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Obama's NSC Will Get New Power

James L. Jones said in an interview that he will be the primary conduit of national security advice to President Obama.
James L. Jones said in an interview that he will be the primary conduit of national security advice to President Obama. (By Linda Davidson -- The Washington Post)
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Most modern chief executives have issued an early directive outlining a structure for making national security decisions. Although the 1947 National Security Act created the NSC and listed its membership -- including the president, the vice president, and the secretaries of state and defense -- each president has redefined it to fit his own needs and style. In recent administrations, the CIA director, the chairman of the Joint Chiefs of Staff and at times the Treasury secretary have regularly attended principals meetings. At the same time, the role and power of the president's national security adviser, and the size of his staff, have grown larger or smaller depending on the president's wishes.

But initial presidential intentions have often been waylaid by personalities and events. George W. Bush criticized Bill Clinton's NSC style as rambling and indecisive. Over the next eight years, however -- as first-term Bush adviser Condoleezza Rice was outmaneuvered by Vice President Richard B. Cheney and Defense Secretary Donald H. Rumsfeld and as Bush's second term became mired in an unpopular war and a failing economy -- decision-making quickly became more reactive than strategic, and deliberations were opaque to all but a small inner circle.

The Obama administration -- with powerful figures such as Secretary of State Hillary Rodham Clinton and Defense Secretary Robert M. Gates -- appears crowded at the top of the national security pyramid and heavy with military officials, including Jones himself and retired Navy Adm. Dennis C. Blair as director of national intelligence. Special envoys to trouble spots -- former diplomat Richard C. Holbrooke to Afghanistan and Pakistan, and former senator George J. Mitchell to the Middle East -- have been given broad presidential authority.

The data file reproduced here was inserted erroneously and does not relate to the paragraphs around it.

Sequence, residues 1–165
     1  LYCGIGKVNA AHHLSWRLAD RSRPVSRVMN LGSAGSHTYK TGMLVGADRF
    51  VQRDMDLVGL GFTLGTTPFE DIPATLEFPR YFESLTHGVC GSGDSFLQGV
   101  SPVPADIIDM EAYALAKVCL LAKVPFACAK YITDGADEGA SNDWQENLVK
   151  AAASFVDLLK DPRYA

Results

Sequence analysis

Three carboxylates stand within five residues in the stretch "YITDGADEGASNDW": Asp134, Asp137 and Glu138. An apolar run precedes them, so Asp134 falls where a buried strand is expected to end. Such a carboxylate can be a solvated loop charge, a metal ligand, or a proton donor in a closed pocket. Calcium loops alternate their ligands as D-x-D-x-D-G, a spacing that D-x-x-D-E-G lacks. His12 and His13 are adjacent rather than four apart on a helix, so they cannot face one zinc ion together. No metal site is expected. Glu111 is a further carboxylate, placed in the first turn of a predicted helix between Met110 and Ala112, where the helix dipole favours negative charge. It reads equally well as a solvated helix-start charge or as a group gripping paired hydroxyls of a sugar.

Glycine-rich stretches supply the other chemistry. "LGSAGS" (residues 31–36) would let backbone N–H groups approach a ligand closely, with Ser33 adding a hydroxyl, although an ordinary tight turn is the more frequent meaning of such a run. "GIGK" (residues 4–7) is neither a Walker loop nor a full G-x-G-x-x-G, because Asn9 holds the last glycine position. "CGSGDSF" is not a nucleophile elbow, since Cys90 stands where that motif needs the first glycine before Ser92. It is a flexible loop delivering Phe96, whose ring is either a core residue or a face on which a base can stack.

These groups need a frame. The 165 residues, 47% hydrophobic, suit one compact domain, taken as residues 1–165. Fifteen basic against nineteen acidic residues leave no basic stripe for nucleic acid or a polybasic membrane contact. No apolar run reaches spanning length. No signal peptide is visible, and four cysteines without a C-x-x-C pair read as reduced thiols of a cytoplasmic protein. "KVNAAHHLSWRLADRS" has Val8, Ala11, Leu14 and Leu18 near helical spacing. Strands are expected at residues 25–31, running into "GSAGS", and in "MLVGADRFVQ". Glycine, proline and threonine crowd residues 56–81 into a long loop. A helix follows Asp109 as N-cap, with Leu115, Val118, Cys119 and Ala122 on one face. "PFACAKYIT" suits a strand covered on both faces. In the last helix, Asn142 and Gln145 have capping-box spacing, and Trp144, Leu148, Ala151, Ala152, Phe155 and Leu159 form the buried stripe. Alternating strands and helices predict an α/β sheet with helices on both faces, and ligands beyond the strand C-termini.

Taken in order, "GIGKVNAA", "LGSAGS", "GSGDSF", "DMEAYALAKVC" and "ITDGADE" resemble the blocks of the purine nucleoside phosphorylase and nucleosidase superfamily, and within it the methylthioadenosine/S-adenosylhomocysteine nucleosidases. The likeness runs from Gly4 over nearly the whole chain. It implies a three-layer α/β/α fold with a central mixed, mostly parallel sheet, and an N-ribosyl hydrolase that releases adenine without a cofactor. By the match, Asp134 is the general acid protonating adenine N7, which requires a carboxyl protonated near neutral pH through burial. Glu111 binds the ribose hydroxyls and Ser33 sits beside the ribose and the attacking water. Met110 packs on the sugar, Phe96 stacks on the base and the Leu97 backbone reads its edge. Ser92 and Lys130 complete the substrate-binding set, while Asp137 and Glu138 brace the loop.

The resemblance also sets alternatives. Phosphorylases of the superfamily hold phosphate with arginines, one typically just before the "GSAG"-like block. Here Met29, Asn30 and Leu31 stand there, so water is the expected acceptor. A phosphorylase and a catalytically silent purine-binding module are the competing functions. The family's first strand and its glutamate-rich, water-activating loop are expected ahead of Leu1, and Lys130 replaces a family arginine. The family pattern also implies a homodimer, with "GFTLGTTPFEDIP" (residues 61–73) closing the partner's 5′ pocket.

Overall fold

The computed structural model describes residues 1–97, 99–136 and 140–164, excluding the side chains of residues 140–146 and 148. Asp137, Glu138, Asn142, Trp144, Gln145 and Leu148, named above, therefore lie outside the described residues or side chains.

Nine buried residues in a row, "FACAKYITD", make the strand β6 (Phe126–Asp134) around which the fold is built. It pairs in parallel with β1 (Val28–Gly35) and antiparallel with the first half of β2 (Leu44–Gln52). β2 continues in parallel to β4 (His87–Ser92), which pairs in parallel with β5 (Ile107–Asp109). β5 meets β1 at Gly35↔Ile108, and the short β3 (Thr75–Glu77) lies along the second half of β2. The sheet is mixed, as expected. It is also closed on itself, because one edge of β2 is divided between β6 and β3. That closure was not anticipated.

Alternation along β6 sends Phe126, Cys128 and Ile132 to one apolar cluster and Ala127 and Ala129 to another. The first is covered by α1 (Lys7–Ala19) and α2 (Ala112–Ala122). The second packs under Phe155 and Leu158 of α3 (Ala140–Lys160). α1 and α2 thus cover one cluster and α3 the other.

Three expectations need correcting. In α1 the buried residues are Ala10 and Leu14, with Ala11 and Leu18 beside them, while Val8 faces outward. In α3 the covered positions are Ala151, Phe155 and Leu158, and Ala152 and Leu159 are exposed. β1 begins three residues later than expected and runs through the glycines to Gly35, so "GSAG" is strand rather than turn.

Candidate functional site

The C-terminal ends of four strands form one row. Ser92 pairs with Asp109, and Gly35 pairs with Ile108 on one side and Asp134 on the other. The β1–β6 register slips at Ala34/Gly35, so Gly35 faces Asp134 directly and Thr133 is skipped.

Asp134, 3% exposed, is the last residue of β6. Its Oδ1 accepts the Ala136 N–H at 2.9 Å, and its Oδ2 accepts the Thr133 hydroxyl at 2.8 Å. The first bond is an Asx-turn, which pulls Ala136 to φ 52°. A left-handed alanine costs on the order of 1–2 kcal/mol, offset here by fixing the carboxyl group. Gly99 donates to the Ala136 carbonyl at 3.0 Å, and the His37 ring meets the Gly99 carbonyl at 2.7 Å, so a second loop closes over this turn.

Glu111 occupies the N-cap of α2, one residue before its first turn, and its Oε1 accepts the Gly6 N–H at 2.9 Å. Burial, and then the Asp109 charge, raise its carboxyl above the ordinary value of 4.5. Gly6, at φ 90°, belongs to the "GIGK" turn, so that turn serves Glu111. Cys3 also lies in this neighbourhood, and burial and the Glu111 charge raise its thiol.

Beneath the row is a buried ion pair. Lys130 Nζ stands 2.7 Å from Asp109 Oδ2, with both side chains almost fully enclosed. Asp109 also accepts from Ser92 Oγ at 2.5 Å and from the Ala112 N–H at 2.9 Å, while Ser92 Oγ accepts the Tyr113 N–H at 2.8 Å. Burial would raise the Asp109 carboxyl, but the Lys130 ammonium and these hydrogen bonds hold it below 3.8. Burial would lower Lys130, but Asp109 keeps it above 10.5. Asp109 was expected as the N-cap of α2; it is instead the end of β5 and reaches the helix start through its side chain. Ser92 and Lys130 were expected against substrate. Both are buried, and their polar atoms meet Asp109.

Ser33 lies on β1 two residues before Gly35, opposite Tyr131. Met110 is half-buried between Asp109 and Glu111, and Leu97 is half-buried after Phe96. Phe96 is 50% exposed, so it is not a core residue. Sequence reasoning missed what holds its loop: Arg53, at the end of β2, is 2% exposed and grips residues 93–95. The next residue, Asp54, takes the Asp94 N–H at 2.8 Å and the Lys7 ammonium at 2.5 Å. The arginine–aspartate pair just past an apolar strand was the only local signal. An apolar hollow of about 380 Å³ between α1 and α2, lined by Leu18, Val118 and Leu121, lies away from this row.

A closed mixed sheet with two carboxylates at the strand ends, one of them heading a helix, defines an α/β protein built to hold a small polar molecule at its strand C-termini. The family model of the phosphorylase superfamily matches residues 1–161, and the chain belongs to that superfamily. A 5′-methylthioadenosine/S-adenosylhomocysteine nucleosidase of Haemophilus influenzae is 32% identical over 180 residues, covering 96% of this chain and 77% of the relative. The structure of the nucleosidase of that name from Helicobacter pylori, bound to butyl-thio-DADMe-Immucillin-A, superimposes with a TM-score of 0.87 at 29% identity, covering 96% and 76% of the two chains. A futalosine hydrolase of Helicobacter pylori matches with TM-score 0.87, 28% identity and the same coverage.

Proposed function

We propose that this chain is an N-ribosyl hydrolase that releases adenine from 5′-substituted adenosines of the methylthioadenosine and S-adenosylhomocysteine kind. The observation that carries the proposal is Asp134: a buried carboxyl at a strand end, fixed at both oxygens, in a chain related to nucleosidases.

Although Jones said he strongly supports increased resources for the State Department, which is increasingly dwarfed by the size and expanding missions of the Defense Department, he has long been an outspoken proponent of a "pro-active military" in noncombat regions. He has advocated military collaboration with the oil and gas industry and with nongovernmental organizations abroad.

But Jones said he sees an administration filled with colleagues rather than competitors. Since Jan. 20, "I've had more meetings with the secretary of state and the secretary of defense than I've had in my entire lifetime," said Jones, who served as Marine Corps commandant, NATO military chief and, under Bush, a special Middle East envoy.

During a midafternoon interview last Thursday, Jones said he had already spoken face to face with Gates and had four telephone conversations with him that day. He has set up a standing Wednesday morning meeting with Gates and Clinton together in his office.

"I believe in collegiality . . . in sounding out people and getting them to participate," Jones said. "I notice the president is very good at that." But he made clear he plans to apply military-like discipline to the NSC. "The most important thing is that you are in fact the coordinator and you're the guy around which the meetings occur. When we chair a principals meeting, I'm the chairman." One of the first of many internal Bush administration clashes occurred when Cheney proposed that he, rather than Rice, chair NSC meetings.

In his initial conversations with Obama before taking the job, Jones confirmed, he insisted on being "in charge" and having open and final access to the president on all national security matters. "We engaged in about an hour-long discussion about what I was already thinking about the NSC; it happened, I think, to mesh pretty well with what his instincts were. He was clear about the role of the national security adviser," Jones said of Obama.

The NSC will take on all national security matters that are strategic in nature and "of such importance that the president of the United States would care" about them, he said. Action groups from various departments and agencies will be formed around specific issues for as long as it takes to resolve them. "Some of these things will be very short-term. When the problem goes away, the group goes away." Others will be ongoing. "An Afghan strategic review, that's going to take a while," Jones said. "The policy that is generated from that review, and the implementation, is going to take a while."

Some principals will be regulars at the NSC "just by force of issues," he said, and "you can't just designate the whole government as being there." But everyone should be kept aware of "what's going on" and given an opportunity to say, 'Wait a minute, I've got something to say here.' "


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